What’s the Point in All This?

29.11.2016 |

Episode #4 of the course How to build an online business by Crew


Alright, we’ve learned what an MVP is. We’ve seen examples of how businesses started. Today, it’s time to move from the why to the what.

More specifically, what should I build? A website or a mobile app?

If you’re considering building a mobile app, there are a few main factors to look at to decide if it’s the right path for your idea.

1. Your idea has a location-based component

Will you need to present your customers with relevant information based on where they are located right now?

For example, Uber connects drivers with people who need to go somewhere, so it made sense for Uber to build their initial product as a mobile app rather than a website.

2. Your idea requires delivery of information in real-time

Does your idea need to give people access to do something the moment it happens? For example, Coach.me helps people build habits by tracking their behaviors.

Since people perform many behaviors they might want to track when they are away from their computer (e.g., running at the gym or flossing in the bathroom), Coach.me starting as a mobile app made sense so it was more convenient for people to track these habits. People don’t have to remember things they’ve done and record them only when they get to a desktop computer. They can do it from their phone wherever they are.


How to start building your app

Building a mobile app requires a budget. App design and development can range from $10k for a basic app with 1–2 core features to over $100k for more complex apps that work across multiple platforms like iPhone, iPad, and Android.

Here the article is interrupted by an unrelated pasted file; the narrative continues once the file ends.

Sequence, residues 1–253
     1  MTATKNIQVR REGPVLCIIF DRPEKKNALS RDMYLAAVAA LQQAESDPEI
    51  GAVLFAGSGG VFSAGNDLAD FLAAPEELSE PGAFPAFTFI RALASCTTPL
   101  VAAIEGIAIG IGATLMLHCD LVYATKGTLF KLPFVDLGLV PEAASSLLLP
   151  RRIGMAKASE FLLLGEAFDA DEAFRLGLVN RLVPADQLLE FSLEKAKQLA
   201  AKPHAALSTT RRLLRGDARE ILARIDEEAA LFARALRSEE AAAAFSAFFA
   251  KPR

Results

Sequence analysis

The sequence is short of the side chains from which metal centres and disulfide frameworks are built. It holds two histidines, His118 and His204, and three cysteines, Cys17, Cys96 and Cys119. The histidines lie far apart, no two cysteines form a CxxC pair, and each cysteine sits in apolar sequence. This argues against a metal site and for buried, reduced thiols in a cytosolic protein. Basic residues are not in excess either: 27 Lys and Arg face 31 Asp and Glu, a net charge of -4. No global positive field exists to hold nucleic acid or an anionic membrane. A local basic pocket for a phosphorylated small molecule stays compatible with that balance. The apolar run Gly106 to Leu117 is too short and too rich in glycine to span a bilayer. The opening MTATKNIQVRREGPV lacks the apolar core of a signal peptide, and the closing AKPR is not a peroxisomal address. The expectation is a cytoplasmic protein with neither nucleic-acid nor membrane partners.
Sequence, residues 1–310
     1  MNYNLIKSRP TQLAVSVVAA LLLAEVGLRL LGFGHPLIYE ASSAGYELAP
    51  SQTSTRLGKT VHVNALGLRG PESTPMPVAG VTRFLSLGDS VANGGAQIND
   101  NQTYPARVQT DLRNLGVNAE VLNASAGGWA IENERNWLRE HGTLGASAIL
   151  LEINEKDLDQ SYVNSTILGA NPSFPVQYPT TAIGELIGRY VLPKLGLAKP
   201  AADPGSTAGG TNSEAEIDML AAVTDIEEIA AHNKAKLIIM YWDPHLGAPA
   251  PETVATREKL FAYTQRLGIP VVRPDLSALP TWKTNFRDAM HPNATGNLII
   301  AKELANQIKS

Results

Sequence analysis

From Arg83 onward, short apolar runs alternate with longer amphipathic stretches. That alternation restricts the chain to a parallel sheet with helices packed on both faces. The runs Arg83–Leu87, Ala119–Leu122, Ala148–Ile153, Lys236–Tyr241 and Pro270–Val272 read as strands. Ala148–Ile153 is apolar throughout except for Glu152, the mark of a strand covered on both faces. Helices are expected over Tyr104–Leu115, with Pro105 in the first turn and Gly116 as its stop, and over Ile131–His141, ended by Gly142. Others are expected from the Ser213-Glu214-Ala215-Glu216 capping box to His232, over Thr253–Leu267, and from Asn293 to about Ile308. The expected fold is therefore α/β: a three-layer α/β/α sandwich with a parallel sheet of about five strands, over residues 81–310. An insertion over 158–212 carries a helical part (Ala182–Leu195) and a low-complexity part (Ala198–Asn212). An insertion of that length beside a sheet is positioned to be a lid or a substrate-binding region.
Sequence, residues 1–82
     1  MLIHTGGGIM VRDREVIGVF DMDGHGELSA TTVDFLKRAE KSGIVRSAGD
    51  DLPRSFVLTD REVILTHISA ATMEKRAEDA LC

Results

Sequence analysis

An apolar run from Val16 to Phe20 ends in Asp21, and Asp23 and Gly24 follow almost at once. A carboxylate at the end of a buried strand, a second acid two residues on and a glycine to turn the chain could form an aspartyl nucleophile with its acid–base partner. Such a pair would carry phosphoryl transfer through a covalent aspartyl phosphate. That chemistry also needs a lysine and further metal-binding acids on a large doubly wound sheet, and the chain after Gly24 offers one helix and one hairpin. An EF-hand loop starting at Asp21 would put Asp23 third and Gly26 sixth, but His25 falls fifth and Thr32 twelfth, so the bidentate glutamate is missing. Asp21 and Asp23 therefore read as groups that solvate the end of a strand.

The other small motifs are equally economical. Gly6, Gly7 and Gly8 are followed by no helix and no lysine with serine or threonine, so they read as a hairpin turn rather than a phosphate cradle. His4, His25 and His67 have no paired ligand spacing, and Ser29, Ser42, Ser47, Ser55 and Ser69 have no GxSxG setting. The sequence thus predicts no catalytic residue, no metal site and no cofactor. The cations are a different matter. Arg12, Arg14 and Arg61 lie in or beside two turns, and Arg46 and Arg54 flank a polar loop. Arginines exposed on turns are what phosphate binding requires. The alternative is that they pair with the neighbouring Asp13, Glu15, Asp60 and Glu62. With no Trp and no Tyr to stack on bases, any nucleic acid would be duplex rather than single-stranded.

If the budget to build a mobile app isn’t in your range yet, there are other ways you can start making progress on your idea.

1. Create a prototype app without writing any code
There are many tools available that you can use to create initial designs of your mobile app without writing any code. This is often called a mockup or prototype.
2. Build a web prototype
Even if a mobile app will ultimately be the best route to go, it doesn’t mean you need to start there. If the resources you have available only allow you to make a website first, this can still be useful to test an initial concept.

If you begin with a website, you can identify the core features you’ll need to build for your mobile app. By better defining what you need to build, you may be able to save time and money in the long run when you build an app across multiple platforms like iOS and Android.

A few of our favorite prototyping apps include Marvel and Invision, which allow you to create clickable prototypes for both mobile and web, and POP, which focuses on mobile. With any of them, you can test your idea and see it in action before committing to building out a full app.

There isn’t one correct process to build every idea, but hopefully, looking at the factors above will help steer you in the right direction.

Until tomorrow,


Recommended reading

Authenticity vs. Beauty


Recommended book

“The Startup Owner’s Manual: The Step-By-Step Guide for Building a Great Company” by Steven Gary Blank, Bob Dorf


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